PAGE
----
Since then, the idea that genealogy could account for the similarities and differences between organisms began structuring biological thought (Alter 1999). Perception of natural affinities changed from a ‘creation plan’, known for similarities and differences among species, to that of ‘kinship’, known for genealogical relationships. After 1859, the achievement of a diagram to represent evolutionary relationships became a major enterprise for many naturalists. Thus, the research of evolutionary relatedness among groups of living beings became one of the practices that dominated much of the inquiry on the organic world around the last decades of the nineteenth century, allowing the disciplines of systematics and biogeography to flourish.

One would think that at present, the problem of documenting not only the diversity of species, but their evolutionary links would be solved given the knowledge from molecular biology, but this is not the case. In the 1960’s, molecular evolutionists had high expectations about being able to reconstruct phylogenies using molecular data. However, as several authors in this volume show, these advances in genetics have raised deep problems with lack of consensus on correct phylogenetic classification.

In this regard, another complication is discordance (see Haber 2019 and other contributions to this volume) which represents a profound obstacle to overcome for the precise inference of species phylogenies. This article seeks to contribute to this special issue from the perspective of the history of biology and anthropology. We will borrow the concept of discordance (as in lack of agreement or harmony) and the idea that “biological lineages move through time, space and each other” (Haber 2017) to show that just as biological lineages have history, diverse conceptual categories have also been historically constituted. Two of such conceptual categories are “race” and its visual representation, as well as human species, which have been subject to both biological and historical discordances. In what follows, the authors adopt a historical perspective on two processes linked to particular types of visual representation: the genealogy of theories of scientific racial representation (mainly from Europe) and their visual presentations through the painting of eighteenth-century castes in New Spain, as well as the visualization of a comprehensive classification through the figure of a tree in Mexico named “Synoptic Table of Natural History” and produced by Dr. Manuel Ortega Reyes in 1877.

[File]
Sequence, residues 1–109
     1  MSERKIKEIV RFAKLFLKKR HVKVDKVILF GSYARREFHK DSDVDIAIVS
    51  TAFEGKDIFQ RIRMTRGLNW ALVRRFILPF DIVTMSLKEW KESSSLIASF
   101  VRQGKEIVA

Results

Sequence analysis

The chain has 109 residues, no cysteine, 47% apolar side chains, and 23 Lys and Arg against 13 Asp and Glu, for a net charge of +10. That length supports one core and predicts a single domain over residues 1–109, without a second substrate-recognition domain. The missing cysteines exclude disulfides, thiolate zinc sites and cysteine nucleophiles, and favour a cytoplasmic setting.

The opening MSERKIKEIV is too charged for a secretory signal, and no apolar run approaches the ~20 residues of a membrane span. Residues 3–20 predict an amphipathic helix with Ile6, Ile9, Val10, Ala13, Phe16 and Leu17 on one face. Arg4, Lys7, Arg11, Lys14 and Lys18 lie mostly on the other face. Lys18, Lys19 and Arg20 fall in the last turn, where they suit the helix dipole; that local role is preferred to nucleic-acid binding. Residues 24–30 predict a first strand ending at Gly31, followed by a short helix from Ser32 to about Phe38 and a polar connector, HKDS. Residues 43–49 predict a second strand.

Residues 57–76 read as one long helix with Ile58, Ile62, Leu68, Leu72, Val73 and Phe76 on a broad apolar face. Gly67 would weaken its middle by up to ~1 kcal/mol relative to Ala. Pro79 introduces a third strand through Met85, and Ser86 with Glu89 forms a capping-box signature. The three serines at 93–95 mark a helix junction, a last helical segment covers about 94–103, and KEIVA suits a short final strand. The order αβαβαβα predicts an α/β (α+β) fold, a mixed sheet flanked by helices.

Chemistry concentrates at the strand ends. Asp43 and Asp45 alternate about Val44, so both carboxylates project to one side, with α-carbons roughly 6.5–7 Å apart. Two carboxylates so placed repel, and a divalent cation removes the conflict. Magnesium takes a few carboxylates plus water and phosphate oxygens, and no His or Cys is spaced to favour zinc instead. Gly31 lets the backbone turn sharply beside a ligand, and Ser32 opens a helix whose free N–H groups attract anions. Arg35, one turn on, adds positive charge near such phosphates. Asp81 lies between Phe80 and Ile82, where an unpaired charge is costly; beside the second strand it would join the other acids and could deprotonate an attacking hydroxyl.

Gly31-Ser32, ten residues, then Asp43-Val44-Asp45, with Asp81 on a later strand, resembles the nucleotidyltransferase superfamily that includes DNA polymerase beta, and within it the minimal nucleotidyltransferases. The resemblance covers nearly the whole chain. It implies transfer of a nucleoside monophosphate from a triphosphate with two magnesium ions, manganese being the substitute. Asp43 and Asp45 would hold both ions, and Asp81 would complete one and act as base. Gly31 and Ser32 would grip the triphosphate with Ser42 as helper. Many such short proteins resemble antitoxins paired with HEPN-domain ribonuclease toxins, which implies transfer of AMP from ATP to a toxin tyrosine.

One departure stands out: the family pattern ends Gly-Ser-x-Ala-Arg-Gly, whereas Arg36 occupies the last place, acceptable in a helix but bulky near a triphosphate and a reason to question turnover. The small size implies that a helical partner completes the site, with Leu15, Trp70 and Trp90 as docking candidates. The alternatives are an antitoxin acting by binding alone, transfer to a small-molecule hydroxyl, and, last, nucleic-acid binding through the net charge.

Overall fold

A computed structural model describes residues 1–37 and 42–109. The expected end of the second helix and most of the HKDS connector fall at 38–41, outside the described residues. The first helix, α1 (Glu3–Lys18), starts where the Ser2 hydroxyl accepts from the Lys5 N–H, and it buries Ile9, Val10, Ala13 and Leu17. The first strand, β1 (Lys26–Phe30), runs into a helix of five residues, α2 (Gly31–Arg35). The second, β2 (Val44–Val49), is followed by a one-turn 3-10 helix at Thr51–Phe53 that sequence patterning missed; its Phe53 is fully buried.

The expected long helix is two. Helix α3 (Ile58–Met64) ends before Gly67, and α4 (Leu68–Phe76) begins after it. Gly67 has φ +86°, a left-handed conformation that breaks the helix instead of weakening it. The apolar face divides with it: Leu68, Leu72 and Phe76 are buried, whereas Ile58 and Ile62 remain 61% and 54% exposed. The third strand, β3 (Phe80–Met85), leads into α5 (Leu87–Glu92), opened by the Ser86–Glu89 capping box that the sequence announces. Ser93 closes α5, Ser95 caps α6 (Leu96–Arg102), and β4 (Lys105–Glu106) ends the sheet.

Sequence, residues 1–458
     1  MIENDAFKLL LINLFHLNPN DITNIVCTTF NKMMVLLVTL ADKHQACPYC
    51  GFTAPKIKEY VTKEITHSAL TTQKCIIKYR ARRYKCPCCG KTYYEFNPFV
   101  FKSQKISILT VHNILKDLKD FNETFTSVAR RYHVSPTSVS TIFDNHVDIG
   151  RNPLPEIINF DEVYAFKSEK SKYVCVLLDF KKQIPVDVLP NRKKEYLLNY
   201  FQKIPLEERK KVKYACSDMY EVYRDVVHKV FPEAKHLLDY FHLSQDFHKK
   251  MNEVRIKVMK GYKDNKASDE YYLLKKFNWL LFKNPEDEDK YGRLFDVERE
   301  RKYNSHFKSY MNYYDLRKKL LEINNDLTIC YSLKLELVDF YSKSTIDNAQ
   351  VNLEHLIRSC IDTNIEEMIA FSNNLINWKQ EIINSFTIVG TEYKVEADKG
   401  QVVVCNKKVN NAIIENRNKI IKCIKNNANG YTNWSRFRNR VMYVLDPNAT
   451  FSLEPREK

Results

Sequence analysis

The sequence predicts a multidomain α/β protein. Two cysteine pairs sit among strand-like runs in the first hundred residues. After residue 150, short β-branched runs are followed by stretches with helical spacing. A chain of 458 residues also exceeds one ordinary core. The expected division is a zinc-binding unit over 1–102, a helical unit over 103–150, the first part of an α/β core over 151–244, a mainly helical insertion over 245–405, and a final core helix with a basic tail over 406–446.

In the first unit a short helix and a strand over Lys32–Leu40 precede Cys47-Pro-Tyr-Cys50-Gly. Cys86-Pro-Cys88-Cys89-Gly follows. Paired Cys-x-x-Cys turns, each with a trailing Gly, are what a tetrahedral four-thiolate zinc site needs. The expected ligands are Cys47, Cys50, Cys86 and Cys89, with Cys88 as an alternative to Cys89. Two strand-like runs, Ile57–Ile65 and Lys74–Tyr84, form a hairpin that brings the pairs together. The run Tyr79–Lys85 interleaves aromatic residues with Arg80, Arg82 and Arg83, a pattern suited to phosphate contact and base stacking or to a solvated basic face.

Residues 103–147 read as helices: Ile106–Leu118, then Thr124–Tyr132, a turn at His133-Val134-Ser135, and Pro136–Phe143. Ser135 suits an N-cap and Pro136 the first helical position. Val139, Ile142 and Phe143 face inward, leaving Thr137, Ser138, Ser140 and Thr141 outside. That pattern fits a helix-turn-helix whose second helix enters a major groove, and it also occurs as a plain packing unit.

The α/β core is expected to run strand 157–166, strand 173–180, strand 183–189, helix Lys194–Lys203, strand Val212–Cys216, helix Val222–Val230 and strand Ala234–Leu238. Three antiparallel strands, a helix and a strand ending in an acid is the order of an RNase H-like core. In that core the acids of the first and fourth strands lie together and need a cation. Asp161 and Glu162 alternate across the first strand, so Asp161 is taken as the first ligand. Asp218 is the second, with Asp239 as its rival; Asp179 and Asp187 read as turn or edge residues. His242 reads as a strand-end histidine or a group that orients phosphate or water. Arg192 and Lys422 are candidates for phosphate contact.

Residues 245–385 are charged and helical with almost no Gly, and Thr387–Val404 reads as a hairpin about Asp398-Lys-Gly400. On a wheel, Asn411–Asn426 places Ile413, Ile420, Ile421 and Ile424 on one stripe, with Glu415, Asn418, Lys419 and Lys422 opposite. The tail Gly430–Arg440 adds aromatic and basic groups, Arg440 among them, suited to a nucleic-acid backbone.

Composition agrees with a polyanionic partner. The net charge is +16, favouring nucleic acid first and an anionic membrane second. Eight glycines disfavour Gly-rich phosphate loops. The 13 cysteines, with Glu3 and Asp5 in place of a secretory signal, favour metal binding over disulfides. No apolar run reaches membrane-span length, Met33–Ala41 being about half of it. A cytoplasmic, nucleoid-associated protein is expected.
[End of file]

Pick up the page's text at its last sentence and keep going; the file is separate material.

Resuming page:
The close relationship between biology and anthropology has its roots in the early nineteenth century’s discourses about the diversity of living beings, but especially in the contrast between human diversity and other living entities (Nott 1843; Prichard 1836; Agassiz 1850; Nott and Gliddon 1854). With the idea of evolution becoming central, the sciences of diversity gradually abandoned the descriptive and classificatory perspective in the nineteenth century, moving forward to a more materialistic explanation of the amount of differences in humans and other living beings. This shift to evolutionary classifications in biology had its parallel in anthropology when trying to assess cultural diversity (Fuentes 2010). Nevertheless, the word “species”, born out of the eighteenth century’s pre-evolutionary thinking, was used in physical anthropology (or biological anthropology), in its essentialist meaning to appraise human diversity, using “race” as a technical concept to identify “human biotypes”. However, this term was loaded with Eurocentric and colonialist judgments of previous centuries (Young 2005). Since then, the use of race as a biological and anthropological category has permeated research that has attempted to identify the differences between human populations as natural kinds. Nonetheless, several authors have shown that the use of the category of “race” in relation to human diversity is misleading since it embraces social, historical and political considerations (Templeton 2013; Gannett 2014).

2 On the Study of Visual Representation in Science